On 4th July, whilst at a rest camp at Cape Helles both Thomas and his pal Joseph Lotwick were killed by the same shrapnel shell, and both are buried at Redoubt Cemetery, Helles. A third man, Private G.A. Bell, was killed in the same incident.
In March 1916 the King’s Own Yorkshire Light Infantry wrote to Mrs Pearce asking for information regarding her husband’s present address and service details, for the purpose of forwarding his documents to his regiment. Mrs Pearce replied: "His last letter was dated June 30th, Sir I regret to inform you my husband was killed along with Private J. Lotwick at Gallipoli on the 4th of July."
Barnsley Chronicle 25 June 1915
A LOW VALLEY PRIVATE.
THOUGHT HE WOULD HAVE GONE MAD.
Private T.R. Pearce, a Low Valley marine, now at the Dardanelles, writing to his wife says: "I expect you have heard of our Will being missing. He got right through the Turkish lines, but he is alright now. He is a lucky chap. I was glad when he came to me three days later. I thought I should have gone mad when I thought he was lost. We have been shelled very badly. I had a trying time, and I prayed, I can tell you. An aeroplane came over our trench and dropped a bomb close to us.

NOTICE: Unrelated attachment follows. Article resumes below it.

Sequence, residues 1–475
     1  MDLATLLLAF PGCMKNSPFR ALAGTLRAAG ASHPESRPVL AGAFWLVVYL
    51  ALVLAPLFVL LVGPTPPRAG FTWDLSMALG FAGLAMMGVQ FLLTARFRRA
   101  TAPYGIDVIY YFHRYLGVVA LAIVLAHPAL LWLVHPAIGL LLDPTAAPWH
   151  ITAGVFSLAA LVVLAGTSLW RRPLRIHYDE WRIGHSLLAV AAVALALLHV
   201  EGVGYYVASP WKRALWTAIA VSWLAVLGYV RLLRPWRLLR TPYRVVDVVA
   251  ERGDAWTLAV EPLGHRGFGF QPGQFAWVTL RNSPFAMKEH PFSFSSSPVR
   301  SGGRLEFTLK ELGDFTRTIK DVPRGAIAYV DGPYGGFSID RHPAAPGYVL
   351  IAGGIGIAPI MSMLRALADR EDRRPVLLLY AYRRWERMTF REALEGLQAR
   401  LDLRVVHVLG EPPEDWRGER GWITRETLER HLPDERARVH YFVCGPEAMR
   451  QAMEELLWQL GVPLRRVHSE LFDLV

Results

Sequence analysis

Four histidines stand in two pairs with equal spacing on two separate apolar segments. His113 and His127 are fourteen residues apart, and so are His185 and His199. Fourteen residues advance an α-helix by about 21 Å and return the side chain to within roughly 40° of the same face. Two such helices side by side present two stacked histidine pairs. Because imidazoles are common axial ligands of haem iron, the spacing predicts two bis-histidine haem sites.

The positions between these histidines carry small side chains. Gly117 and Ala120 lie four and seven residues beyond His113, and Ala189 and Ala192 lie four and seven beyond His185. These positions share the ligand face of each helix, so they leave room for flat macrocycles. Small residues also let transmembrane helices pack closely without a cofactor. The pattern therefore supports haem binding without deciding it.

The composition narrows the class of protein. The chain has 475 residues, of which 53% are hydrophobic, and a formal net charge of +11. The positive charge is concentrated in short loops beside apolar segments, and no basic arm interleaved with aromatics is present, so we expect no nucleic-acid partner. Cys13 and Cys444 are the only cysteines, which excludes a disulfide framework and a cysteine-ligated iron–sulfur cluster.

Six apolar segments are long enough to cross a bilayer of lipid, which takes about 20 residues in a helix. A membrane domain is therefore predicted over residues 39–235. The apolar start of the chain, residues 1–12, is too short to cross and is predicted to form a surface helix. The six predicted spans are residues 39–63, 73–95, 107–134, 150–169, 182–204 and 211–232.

The General met us at the base and said we were all heroes, and that our deeds were known in England. We have to go through more even than those in France. I have just taken off my shoes for the first time in three weeks, and I lost my clean shirts and socks in that big 'do' we had. I picked up a pair on the battlefield and put them on."